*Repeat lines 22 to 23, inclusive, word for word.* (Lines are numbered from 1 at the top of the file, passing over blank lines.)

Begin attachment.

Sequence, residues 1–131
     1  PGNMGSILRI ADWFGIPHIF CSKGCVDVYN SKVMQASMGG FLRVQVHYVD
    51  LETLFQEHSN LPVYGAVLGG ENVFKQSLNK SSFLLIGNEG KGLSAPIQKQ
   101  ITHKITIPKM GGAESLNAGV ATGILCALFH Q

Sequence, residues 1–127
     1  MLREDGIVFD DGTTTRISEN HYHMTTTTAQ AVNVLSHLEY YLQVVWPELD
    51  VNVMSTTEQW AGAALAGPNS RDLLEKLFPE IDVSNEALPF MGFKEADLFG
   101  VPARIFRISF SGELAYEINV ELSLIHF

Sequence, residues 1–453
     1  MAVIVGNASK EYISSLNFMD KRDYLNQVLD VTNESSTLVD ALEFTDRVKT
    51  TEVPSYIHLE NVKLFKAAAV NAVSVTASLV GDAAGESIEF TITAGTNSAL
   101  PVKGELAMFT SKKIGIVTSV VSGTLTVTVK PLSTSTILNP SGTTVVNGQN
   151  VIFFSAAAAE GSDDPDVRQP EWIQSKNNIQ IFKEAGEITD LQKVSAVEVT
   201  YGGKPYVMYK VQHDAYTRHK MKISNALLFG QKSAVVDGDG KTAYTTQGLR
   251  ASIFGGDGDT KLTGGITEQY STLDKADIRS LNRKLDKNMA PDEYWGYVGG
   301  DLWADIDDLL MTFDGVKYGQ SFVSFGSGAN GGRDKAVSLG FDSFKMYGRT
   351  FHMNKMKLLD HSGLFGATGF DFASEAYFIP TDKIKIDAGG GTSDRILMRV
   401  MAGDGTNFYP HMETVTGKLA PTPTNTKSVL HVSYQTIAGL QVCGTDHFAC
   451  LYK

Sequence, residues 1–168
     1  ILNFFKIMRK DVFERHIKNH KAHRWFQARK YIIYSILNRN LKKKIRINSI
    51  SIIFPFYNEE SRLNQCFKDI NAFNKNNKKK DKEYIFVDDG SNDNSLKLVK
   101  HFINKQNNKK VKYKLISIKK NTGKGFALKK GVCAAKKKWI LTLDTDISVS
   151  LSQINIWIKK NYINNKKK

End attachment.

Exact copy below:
    51  SIIFPFYNEE SRLNQCFKDI NAFNKNNKKK DKEYIFVDDG SNDNSLKLVK
   101  HFINKQNNKK VKYKLISIKK NTGKGFALKK GVCAAKKKWI LTLDTDISVS